revisiting the sugar cleanse

Sugar is snow. Sugar is drug. Sugar is statistically proven to strip me of my dignity and my health. And yet.

Sugar is laughter. Sugar is energy. Sugar is of nature, a perfect sweetness in the right balance.

I’m seeking balance again. I feel like I crawled out of the grief stricken battle ground of 2014 with chocolate smeared on my face, and weight that I’d lost the year before (arduously, hardest thing I ever do) returning so easily that I felt guilty for ever trying to leave it behind. I had the moment that I think all people of glorious size have: is this just how it’s supposed to be? Should I just stop fighting?

I adore my body. I spend a ridiculous amount of time walking around naked saying yes goddess octaviafridanina thank you for this body! And also too, I adore health. I love this body best when I feel like I can make intentional healthy choices that my body likes.

I’m also a bit of a hypochondriac (Oh shit is this celiacs? Diabetes? Whooping cough? Do I have a tape worm alien parasite? No? No? But how do you really know? Oh…health insurance? But I’m an artist. Hmm. But what if it’s…and so on) so healthy choices are my best way to avoid paranoid journeys through the haunted house of Web MD.

The best thing I’ve done for myself related to health, in terms of how I’ve felt, was a deep examination of my relationship to sugar. It’s in all the things I like, and it makes me mindless around food. I can order and consume a pizza with no presence whatsoever. When life gets tough, as it did last fall, I can sort of look up and find that somehow there’s an empty ice cream pint on the coffee table. Then my body and energy are all messy trying to remember who I am.

So I declare it here.

I am a Virgo creator in springtime.
I am a self loving human who smashes to-do lists and walks directly towards what I long for.
I imagine worlds and generate possibilities for a living.
I can do this!

So I’m doing another sugar shift starting today. I don’t frame it as a cleanse in my heart, because this is a long long process of unlearning sugar as comfort and rediscovering health. Something like 50 people are doing some version of it too on Facebook (let me know if you want in).

Some tips from last time, and for travel:

– know the possible meals I can have for the day, both what I create and what’s possible when eating out. Time travel to the hardest one and make a plan. Build up to trusting myself to hold the line in the moment.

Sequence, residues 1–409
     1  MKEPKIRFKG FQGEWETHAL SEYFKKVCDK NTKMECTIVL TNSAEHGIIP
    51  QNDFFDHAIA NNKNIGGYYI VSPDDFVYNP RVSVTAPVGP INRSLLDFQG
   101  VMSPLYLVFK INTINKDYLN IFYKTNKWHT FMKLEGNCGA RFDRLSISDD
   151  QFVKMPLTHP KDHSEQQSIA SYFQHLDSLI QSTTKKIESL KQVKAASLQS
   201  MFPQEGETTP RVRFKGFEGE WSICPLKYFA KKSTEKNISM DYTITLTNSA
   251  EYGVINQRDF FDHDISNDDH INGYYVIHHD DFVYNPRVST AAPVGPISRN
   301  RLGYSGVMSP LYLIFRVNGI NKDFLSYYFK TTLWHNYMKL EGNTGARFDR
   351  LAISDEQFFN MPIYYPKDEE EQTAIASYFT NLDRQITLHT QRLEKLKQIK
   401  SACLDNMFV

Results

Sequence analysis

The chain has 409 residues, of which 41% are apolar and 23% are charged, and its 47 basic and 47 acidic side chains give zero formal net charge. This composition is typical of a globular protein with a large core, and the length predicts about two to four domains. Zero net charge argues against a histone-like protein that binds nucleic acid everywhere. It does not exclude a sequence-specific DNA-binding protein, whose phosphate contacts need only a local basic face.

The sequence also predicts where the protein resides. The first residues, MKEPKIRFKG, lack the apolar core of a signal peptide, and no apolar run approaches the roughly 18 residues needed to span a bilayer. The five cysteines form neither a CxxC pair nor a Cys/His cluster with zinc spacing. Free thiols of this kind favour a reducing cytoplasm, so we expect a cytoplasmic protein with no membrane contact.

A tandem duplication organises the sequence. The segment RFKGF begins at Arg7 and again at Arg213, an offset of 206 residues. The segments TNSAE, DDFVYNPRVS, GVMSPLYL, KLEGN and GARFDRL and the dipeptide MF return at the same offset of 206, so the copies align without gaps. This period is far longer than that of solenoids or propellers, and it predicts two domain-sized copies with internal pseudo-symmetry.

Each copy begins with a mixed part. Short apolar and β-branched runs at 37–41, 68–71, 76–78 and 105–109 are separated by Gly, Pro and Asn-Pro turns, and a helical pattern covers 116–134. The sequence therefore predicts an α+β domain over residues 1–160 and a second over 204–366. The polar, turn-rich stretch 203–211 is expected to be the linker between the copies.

– be a snack warrior. Have things in my bag that will actually get me through. For me that’s trail mix and tuna.

– decide my adaptations beforehand. Some folks are doing the cleanse with fruit, or with specific grains, or one glass of white wine in the evening. Again, decide what I need to get through it and then lock it in. It’s only 21 days.

– drink so much water. Big glass with fresh lemon in the morning and then keep the bottle in hand all day. When I think of food, drink some water before taking any other action. My skin will praise dance (after the initial toxin flush breakout which I will welcome as indications I’m actually doing it…and not pick at!).

– move my body. Whatever movement feels like a celebration in my body, I’ll do that. For some people it’s running. For me it’s dancing. I’m alive! Act like it.

Those are the main things I can think of as I begin again this humbling daunting necessary journey.

I’m doing this while book touring, so I need all your love and sweetness now. If you see me, you can ask about the cleanse, but mostly ask me how I am, tell me I’m glowing and give me a big hug.

I’m going to seek the pleasure in this experience. Blow me kisses.

sugar is a white noise

as soon as i slow down i can see it’s not about the sugar, it’s about the pain.

it’s not just eating more greens, cutting out this or that from my diet, doubling my water, exercising. those are good smart things for humans, yes. but i have to give myself adequate room for the pain.

there is a way sugar is, in nature, a way we are meant to have it. the impact of a banana is so different from the impact of a bar of sea salted caramel chocolate with pecan bits…my body knows, because it is of the earth. it remembers surviving and grieving before sugar was our primary collective comfort.